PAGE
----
Tuesday, June 16, 2015

SSL / TLS on Google App Engine Custom Domains

Using Wildcard Certificates signed by GoDaddy


SSL and TLS -- technologies used to encrypt and secure network transmissions -- and Custom Domains hosted on Google App Engine can be a challenge to configure.  This article describes the nuances and gotchas that can come up during the deployment of SSL certificates on Custom Domains hosted on Google App Engine.




Wildcard certificates -- certificates that can be used to secure multiple subdomains -- can greatly simplify the administration of multiple subdomains, websites, web applications, etc.  This article also covers the steps required to create keys and certificate signing requests for SSL / TLS (including wildcard certificates) and to use GoDaddy to validate the key and provide a cryptographically signed certificate.


1. Private Key

First, acquire a private key for use with the domain that's being secured.  If one doesn't already exist, create one using the OpenSSL tool:

# generate a new 2048 bit RSA key file 

openssl genrsa -out wildcard.example.com.key 2048


2. Certificate Signing Request (CSR)

Next, find the existing Certificate Signing Request (CSR) file if the certificate is being renewed; if one doesn't yet exist, create one using the openssl command line tool:

# generate a new CSR for the key (the command is all on one line)

openssl req -new -key wildcard.example.com.key -out wildcard.example.com.csr -subj "/C=US/ST=New York/L=Utica/O=KDA Web Technologies/OU=Web Development/CN=*.example.com"


Non-Interactive CSR Subject Specification

The following values may be used when specifying the subject for the CSR:


Field
Meaning
Example
/C
Country
US
/ST
State
New York
/L
Locality (e.g., City)
Utica
/O
Organization's name
KDA Web Technologies
/OU
Organizational Unit
Web Development
/CN
Common Name (domain name)
*.example.com


The OpenSSL command will provide an interactive prompt for values not specified in the subject.

The CN field is used to specify the Common Name for the CSR.   The Common Name is the domain name that the certificate will secure.  For example, a CN of test.example.com may be used for connections to the host 'test.example.com.'  For wildcard certificates, use a CN of *.domain.tld.  


Note that the HTTP over TLS specification asserts that the '*' wildcard and apply to one domain name component.  That is, *.example.com may be used to secure example.com, www.example.com, and test.example.com; however, it may not be used to secure multiple domain name components.  For example, *.example.com may not be used to secure foo.bar.example.com.  To secure a second level of subdomain, a second certificate (or one certificate with multiple Subject Alternative Names (SANs)), use a CN of *.*.example.com.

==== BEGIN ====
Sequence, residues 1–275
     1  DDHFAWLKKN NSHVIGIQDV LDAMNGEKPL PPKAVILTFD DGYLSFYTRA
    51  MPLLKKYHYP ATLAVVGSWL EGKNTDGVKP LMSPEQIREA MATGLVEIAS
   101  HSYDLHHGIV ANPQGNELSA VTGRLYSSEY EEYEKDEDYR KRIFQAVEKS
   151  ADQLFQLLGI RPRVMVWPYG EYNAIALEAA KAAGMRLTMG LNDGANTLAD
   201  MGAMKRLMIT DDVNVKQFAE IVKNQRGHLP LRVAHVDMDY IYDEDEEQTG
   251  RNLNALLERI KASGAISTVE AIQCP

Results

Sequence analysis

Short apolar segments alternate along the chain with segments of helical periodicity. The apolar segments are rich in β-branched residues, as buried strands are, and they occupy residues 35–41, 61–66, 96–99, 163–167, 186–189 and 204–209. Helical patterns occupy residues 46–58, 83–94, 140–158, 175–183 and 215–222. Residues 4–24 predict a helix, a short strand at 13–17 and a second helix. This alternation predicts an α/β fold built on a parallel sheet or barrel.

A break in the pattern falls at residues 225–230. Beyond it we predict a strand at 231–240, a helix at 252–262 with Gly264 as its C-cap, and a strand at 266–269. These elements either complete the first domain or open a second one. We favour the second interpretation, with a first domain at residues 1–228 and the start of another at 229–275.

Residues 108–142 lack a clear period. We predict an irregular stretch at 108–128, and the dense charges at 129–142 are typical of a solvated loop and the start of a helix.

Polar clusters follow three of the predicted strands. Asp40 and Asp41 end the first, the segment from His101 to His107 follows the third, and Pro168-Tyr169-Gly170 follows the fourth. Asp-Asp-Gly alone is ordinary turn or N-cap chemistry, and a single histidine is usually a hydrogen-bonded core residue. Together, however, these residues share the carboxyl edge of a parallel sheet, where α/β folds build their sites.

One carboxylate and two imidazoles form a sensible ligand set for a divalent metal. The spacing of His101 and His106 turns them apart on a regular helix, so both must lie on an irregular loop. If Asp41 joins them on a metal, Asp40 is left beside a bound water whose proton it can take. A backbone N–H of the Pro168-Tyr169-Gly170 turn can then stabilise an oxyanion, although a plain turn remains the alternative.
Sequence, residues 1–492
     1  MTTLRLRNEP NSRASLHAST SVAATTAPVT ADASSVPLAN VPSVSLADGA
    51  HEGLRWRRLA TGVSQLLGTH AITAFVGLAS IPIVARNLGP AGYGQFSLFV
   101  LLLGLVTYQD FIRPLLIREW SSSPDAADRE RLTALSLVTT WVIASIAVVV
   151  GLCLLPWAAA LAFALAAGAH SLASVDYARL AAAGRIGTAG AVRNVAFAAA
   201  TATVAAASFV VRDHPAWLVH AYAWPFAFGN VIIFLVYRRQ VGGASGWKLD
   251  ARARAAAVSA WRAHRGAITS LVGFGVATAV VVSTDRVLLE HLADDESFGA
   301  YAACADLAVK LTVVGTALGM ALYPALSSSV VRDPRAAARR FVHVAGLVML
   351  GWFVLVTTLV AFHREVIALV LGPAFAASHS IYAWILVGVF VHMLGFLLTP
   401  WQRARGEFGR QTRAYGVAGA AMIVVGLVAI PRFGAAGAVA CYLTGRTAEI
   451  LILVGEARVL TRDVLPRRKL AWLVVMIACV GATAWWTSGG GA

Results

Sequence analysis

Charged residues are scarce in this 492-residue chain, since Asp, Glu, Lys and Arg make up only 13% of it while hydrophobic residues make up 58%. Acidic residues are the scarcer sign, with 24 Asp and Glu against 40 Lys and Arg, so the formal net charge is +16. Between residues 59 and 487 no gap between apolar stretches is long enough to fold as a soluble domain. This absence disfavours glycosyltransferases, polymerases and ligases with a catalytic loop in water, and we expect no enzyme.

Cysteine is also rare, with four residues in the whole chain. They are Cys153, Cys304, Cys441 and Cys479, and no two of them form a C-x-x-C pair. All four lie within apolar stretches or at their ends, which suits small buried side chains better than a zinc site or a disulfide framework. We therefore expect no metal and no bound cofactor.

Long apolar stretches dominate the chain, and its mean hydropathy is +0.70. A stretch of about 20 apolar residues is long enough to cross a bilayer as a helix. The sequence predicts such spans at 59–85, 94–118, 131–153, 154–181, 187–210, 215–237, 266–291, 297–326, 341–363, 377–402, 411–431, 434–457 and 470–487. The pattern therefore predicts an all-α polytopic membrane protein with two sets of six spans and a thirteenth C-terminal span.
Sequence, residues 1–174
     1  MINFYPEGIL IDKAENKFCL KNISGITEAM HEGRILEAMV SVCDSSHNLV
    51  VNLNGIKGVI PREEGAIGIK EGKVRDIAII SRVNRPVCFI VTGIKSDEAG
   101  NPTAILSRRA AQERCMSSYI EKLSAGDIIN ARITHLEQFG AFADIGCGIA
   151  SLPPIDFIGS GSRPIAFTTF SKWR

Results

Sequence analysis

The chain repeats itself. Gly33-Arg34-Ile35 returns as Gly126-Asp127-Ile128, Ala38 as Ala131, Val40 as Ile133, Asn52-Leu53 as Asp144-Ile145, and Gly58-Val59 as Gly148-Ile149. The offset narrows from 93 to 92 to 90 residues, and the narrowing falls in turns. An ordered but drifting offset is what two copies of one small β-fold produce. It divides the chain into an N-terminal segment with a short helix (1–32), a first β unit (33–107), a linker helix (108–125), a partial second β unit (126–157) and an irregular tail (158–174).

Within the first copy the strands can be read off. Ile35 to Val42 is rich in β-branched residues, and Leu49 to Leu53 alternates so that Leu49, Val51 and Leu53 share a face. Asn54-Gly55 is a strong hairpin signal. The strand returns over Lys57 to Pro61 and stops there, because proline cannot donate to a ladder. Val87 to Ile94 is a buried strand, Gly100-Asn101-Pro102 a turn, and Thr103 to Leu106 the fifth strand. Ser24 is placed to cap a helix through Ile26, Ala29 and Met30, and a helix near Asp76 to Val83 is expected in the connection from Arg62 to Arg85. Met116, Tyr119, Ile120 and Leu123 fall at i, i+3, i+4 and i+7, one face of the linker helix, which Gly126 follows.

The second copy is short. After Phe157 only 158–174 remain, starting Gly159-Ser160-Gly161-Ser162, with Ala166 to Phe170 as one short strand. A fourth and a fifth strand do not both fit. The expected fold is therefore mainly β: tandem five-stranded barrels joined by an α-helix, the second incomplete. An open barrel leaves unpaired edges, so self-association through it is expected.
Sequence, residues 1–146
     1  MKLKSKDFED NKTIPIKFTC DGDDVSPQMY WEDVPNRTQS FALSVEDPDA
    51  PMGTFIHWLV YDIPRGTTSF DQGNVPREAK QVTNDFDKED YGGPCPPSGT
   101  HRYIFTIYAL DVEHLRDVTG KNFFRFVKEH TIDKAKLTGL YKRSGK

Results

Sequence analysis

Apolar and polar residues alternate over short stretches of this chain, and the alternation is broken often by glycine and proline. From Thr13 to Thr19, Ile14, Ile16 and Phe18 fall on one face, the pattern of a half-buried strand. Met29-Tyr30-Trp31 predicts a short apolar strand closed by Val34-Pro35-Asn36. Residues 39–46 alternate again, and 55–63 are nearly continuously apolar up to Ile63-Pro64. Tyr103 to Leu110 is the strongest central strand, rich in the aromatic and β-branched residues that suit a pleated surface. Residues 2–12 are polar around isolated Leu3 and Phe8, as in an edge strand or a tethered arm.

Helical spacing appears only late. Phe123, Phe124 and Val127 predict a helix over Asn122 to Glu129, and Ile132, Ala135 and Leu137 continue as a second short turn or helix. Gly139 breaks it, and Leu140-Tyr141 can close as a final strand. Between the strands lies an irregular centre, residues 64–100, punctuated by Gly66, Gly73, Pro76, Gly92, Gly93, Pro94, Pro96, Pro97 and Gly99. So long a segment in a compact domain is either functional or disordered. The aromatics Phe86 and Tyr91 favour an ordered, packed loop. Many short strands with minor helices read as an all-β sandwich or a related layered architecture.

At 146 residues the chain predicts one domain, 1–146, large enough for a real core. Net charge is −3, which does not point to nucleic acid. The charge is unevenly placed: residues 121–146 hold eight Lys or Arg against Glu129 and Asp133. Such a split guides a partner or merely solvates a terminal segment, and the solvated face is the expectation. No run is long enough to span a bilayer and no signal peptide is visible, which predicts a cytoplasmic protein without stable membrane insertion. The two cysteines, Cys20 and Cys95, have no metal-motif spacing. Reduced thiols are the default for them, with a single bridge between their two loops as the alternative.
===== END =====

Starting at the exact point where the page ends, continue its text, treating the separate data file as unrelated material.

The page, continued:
3. Send CSR to Domain Name Registrar

Next, have the CSR signed by a recognized domain name registrar.  In this case, GoDaddy was used.


GoDaddy-specific Steps

When the certificate is ready, GoDaddy provides a .zip file containing two files, the certificate plus the intermediate key chain.

Google Apps (and Google App Engine) requires that the certificate be fully chained; therefore, the certificates from GoDaddy need to be merged into a single certificate.  


# use cat to merge both files together (the command is all on one line)

cat wildcard.example.com.crt gd_bundle-g2-g1.crt > fully_chained_wildcard.example.com.crt


4. Decrypt Private Key

Then, Google Apps (and, again, Google App Engine) requires the private key to be unencrypted.  The OpenSSL tool can be used for this:

# decrypt private key

openssl rsa -in wildcard.example.com.key -out unencrypted-wildcard.example.com.key


5. Upload Private Key and Certificate

Next, upload the new certificate.  The menu for configuring an SSL certificate for a custom domain can be found through the admin panel (https://admin.google.com/) under Security | SSL for Custom Domains:


Choose SSL for Custom Domains from the security section of the Google Apps admin panel
Choose SSL for Custom Domains from the security section of the Google Apps admin panel

For the "PEM encoded X509 certificate," select the fully chained certificate; for the "Unencrypted PEM encoded RSA private key," select the unencrypted file.  Click 'Upload' to upload the files.


Uploading a TLS / SSL certificate to Google Apps
Uploading a TLS / SSL certificate to Google Apps



6. Set Serving State

Finally, change the 'Current state' option from 'Not serving' to the serving state of choice (typically SNI Only), and click the 'Assign all matching URLs' link at the bottom of the menu.

At this point, the new SSL / TLS certificate should be serving when agents attempt to load content from the application hosted on Google App Engine.


--
Wes Dean is Principal of KDA Web Technologies, a Google Cloud Platform Development Partner and a Google Apps Authorized Reseller. To learn how Wes and KDA Web Technologies can help you, go to www.kdaweb.com.

"System Lock" photo by Yuri Samoilov and used here with Creative Commons license.